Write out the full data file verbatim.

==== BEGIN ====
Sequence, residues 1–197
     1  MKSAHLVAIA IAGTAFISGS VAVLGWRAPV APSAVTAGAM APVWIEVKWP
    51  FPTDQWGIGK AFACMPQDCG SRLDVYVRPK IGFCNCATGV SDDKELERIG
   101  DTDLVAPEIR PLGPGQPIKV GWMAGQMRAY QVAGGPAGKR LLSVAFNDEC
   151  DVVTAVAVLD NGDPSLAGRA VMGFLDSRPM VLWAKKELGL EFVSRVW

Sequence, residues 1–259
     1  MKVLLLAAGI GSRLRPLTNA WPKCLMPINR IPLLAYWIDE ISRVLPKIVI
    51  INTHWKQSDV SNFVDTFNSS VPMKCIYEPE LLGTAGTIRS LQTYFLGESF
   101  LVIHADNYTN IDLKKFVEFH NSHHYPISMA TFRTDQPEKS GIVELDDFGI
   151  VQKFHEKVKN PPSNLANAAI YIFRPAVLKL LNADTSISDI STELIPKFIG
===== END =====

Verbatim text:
Sequence, residues 1–197
     1  MKSAHLVAIA IAGTAFISGS VAVLGWRAPV APSAVTAGAM APVWIEVKWP
    51  FPTDQWGIGK AFACMPQDCG SRLDVYVRPK IGFCNCATGV SDDKELERIG
   101  DTDLVAPEIR PLGPGQPIKV GWMAGQMRAY QVAGGPAGKR LLSVAFNDEC
   151  DVVTAVAVLD NGDPSLAGRA VMGFLDSRPM VLWAKKELGL EFVSRVW

Sequence, residues 1–259
     1  MKVLLLAAGI GSRLRPLTNA WPKCLMPINR IPLLAYWIDE ISRVLPKIVI
    51  INTHWKQSDV SNFVDTFNSS VPMKCIYEPE LLGTAGTIRS LQTYFLGESF
   101  LVIHADNYTN IDLKKFVEFH NSHHYPISMA TFRTDQPEKS GIVELDDFGI
   151  VQKFHEKVKN PPSNLANAAI YIFRPAVLKL LNADTSISDI STELIPKFIG